Duplicate file detector. Incremental-block style.
Fetching latest commit…
Cannot retrieve the latest commit at this time.
Failed to load latest commit information.



Duplicate file detector.

Incrementally checks blocks of content, which is pretty fast when you have largeish mostly-unique files, because the larger the (unique) files, the more reading you avoid.

Motivated by the observation that duplicate detection is largely IO-bound, and that unique files are usually unique in the first few dozen KB.

When there are large duplicates it'll spend most of the time a while verifying, and clobber your page cache in the process, so you can make it assume equality after some amount of identical bytes.

If you want a fast estimate of possible space savings, both make that assumption, and make it ignore the bulk of small files. For example,

    # duppy -v -a 32M -s 500K /dosgames
    NOTE: Assuming files are identical after 32MB

    Creating list of files to check...
       no file arguments given, using current directory
    Done scanning, found 8423 files to check.

    Looking for duplicates...
    Assuming 2 files ('/dosgames/Full Throttle/image.img', '/dosgames/Full Throttle.img') are identical after 32MB (of 614MB)

    Looking for duplicates...

    [bunch of stuff omitted for brevity]

    1.8MB each:

    29MB each:

    614MB each:
    '/dosgames/Full Throttle.img'
    '/dosgames/Full Throttle/image.img'

      Found 567 sets of duplicate files   (Warning: 1 were ASSUMED to be equal after 32MB)
        684 files could be removed,
        to save 2.4GB
      Spent 93 seconds    reading 3.0GB  (2.7% of 111GB)

Notes / warnings:

  • Should be safe around symlinks (avoids following) and hardlinks (avoids adding the same inode twice - though it wouldn't matter much if we did).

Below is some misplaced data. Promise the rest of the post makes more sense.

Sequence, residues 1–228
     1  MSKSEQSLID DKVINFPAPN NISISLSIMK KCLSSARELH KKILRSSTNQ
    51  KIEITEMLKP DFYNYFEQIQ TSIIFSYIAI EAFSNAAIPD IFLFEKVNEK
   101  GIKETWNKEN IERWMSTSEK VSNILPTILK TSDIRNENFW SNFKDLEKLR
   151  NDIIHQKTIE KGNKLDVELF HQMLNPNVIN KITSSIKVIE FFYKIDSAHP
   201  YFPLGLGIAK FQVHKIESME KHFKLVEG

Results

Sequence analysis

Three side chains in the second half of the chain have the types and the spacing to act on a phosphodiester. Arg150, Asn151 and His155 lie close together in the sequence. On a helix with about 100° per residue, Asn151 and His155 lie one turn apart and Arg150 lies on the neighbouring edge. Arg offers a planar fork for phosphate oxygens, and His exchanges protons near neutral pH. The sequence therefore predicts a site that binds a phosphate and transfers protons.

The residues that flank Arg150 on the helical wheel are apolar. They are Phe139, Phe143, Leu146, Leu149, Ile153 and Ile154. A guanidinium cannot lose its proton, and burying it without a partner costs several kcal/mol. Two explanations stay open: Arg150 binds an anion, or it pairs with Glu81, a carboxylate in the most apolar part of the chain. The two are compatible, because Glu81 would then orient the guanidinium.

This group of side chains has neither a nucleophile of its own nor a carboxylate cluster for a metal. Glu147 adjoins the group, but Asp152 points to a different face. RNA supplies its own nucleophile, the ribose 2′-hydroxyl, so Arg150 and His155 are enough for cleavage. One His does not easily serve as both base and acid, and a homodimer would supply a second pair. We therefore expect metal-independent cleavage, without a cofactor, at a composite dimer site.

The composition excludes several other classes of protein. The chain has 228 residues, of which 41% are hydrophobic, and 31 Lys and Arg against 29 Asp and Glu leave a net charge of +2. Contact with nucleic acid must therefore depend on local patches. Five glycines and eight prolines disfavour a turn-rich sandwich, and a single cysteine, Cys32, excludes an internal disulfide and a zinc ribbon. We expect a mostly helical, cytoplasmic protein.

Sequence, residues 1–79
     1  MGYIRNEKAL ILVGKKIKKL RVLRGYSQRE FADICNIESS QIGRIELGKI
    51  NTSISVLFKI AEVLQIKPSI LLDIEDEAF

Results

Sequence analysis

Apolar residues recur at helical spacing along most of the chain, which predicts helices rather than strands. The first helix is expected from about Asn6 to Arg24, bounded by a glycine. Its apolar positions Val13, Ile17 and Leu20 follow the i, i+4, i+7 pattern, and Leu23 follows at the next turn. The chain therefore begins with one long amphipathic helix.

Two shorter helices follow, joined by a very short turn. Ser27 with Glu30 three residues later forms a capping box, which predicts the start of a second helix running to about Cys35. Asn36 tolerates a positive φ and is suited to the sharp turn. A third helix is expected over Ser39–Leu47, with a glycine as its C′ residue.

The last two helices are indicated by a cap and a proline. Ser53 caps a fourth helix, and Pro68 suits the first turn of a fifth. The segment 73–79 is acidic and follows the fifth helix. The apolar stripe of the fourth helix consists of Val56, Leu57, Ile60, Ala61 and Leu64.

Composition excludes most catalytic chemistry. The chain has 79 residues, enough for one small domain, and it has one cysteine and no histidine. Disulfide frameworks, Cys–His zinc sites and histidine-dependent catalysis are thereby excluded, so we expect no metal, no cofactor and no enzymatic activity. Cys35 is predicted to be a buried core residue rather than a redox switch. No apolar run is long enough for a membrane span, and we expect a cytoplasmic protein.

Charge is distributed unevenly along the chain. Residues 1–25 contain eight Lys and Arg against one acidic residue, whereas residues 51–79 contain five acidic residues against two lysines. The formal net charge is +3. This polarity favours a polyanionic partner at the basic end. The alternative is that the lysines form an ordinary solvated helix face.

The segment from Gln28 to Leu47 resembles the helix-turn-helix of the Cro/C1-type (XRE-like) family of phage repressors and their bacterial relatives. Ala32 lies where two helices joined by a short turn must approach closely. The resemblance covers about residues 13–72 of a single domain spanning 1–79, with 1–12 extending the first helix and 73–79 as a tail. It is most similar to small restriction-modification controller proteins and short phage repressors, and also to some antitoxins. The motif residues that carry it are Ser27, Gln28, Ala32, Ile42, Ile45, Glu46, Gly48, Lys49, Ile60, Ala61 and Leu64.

• ...but does not consider that symlink may be pointing at files we are deleting (because to guarantee that, you have to scan the entire filesystem)
  • I have done basic sanity tests, but don't trust this blindly on files you haven't backed up.
  • think about what your delete rules mean. It'll refuse to delete every copy, but you can still make a mess for yourself.


    Usage: duppy [options] path [path...]

       Finds duplicate files.

       By default only prints a summary of wasted space.
       Use -v for a full list of duplicates (I feel more comfortable manually deleting based on this output)
        or -d and some rules to automate deletion.

          -q             be quiet while working.   Access errors are still reported.
          -v             be verbose about progress, report all duplicate file sets. Specify twice for even more.

          -R             Non-recursive.
                         (To run on only files in curdr -R,  and * (not .) for the argument)

          -s size    minimum size. Ignore files smaller than this size.  Default is 1, only ignores zero-length files.
                     (useful to find major space saving in less time)
          -S size    maximum size
                     (sometimes useful in a "now look at just the files between 100KB and 200KB",
                      which makes repeated runs faster since most data will still be cached)

          -a size    Assume a set is identical after this many matching bytes, e.g.  -a 32MB
                     Meant for dry-runs, for a faster _estimation_ of wasted space,
                     but WARNING: it will also apply to real runs. While this _usually_ makes sense
                     (most files that are distinct are so within ~150KB), *know for sure* that it makes sense for your case.

       Rules and deleting:
          --rule-help            List of rules, and examples of use.